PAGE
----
The Preservation Problem

One challenging aspect of the ediscovery process that parties continue to struggle with is the duty to preserve. On January 15, 2010, District Judge Shira Scheindlin of the Southern District of New York issued an opinion, Pension Committee of the University of Montreal Pension Plan v. Banc of America Securities, LLC,1 that provides further guidance on a party’s preservation obligation. This case, which is sure to be one of the most cited cases of 2010 and beyond, reiterates the concept that the duty to preserve arises upon reasonable anticipation of litigation and provides definite “criteria a court should review in evaluating discovery conduct.” Specifically, Judge Scheindlin discussed the four factors necessary for consideration in determining whether a litigant’s conduct throughout the discovery process warrants the imposition of sanctions, including the party’s culpability, the interplay between the duty to preserve evidence and the spoliation of evidence, which party bears the burden of proving that evidence has been lost or destroyed and resulting consequences, and the appropriate remedy for the harm caused by the spoliation.

Perhaps one of the most important lessons from this opinion concerned Judge Scheindlin’s holding that the failure to issue a written litigation hold constitutes gross negligence. In this case, six of the thirteen plaintiffs subject to sanctions never issued a written hold at any time. Based on this conduct, Judge Scheindlin determined a permissive adverse inference sanction was warranted. Judge Scheindlin also found all thirteen plaintiffs worthy of monetary sanctions since they “conducted discovery in an ignorant and indifferent fashion,” and awarded the defendants reasonable attorneys’ fees and costs associated with the motion.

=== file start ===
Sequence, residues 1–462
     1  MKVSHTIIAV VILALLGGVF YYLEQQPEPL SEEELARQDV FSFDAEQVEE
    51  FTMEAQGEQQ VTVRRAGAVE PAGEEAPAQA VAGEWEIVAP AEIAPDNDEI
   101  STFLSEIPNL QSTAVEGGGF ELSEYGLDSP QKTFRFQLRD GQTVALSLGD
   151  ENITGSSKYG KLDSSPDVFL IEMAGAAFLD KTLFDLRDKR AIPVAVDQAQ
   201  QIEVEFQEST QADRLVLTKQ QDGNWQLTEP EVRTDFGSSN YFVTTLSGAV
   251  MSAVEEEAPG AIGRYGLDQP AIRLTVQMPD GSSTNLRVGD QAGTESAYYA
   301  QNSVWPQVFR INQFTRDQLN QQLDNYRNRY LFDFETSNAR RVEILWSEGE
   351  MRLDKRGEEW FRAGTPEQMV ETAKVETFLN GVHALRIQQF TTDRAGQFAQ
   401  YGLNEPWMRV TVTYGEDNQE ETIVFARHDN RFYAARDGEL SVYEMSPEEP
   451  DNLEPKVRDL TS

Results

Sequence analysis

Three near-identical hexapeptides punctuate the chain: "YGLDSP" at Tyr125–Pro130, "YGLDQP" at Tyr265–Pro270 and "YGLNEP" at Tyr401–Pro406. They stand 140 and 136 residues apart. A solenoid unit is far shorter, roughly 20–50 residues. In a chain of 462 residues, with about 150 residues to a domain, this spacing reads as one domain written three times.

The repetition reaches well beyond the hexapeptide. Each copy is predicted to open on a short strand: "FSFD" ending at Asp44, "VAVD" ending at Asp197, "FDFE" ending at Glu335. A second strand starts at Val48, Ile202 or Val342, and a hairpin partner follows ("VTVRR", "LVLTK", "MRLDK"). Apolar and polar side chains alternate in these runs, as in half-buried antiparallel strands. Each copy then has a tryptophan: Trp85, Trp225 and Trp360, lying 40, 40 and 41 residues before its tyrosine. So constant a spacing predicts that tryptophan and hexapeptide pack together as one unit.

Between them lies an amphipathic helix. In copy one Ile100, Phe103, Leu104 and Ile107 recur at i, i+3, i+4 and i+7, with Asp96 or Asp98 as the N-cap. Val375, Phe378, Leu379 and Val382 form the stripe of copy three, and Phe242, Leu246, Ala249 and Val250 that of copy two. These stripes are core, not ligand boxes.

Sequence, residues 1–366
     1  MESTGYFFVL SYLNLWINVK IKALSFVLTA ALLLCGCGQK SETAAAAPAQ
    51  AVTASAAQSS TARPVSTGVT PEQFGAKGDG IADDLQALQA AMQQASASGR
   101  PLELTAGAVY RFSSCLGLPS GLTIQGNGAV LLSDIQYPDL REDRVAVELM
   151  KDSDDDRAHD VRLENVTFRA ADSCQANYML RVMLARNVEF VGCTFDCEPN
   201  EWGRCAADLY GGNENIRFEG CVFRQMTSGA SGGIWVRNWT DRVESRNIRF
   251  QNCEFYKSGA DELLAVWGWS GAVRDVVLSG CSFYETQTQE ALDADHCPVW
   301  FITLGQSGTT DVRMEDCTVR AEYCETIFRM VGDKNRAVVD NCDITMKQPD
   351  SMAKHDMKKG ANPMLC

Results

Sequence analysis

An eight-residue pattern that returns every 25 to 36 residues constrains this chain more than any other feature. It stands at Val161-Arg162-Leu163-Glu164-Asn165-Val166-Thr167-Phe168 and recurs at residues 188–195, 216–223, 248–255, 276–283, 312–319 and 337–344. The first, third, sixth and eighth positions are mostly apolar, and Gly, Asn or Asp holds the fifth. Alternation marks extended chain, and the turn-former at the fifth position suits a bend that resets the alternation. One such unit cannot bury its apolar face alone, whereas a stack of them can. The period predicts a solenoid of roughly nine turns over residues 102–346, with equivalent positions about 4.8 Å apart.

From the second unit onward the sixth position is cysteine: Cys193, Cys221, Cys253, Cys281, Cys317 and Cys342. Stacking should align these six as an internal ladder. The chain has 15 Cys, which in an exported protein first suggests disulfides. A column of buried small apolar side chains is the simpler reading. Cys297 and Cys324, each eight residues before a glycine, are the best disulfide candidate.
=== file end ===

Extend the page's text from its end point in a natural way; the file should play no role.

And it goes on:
Judge Scheindlin noted that “[b]y now, it should be abundantly clear that the duty to preserve means what it says and that a failure to preserve records – paper or electronic – and to search in the right places for those records, will inevitably result in the spoliation of evidence.” Following this landmark decision, the bar of acceptable behavior in the context of ediscovery has been raised, and it is clear that a party’s ignorance of its preservation obligations is absolutely no longer a viable defense to discovery violations.

Importance of Information Management

In Starbucks Corporation v. ADT Security Services, Inc.,2 the plaintiffs requested the production of e-mails from certain key players relating to a specified time period. Objecting to the production requests, the defendant relied on Fed.R.Civ.P. 26(b)(2)(B) and claimed that the location of the e-mails on the company’s “cumbersome” old archiving system made them not reasonably accessible. The defendant presented testimony from an information technology manager who testified that retrieval would be disruptive to business operations, would take nearly four years to restore and would cost $834,285. After noting that the defendant’s cost estimate had increased from $88,000 just six months earlier, the court found that the e-mails were readily accessible, and even if they weren’t, good cause existed to order production. The court held that the plaintiff should not be disadvantaged because the defendant, a “sophisticated” company, chose not to migrate the e-mails to the now-functional archival system.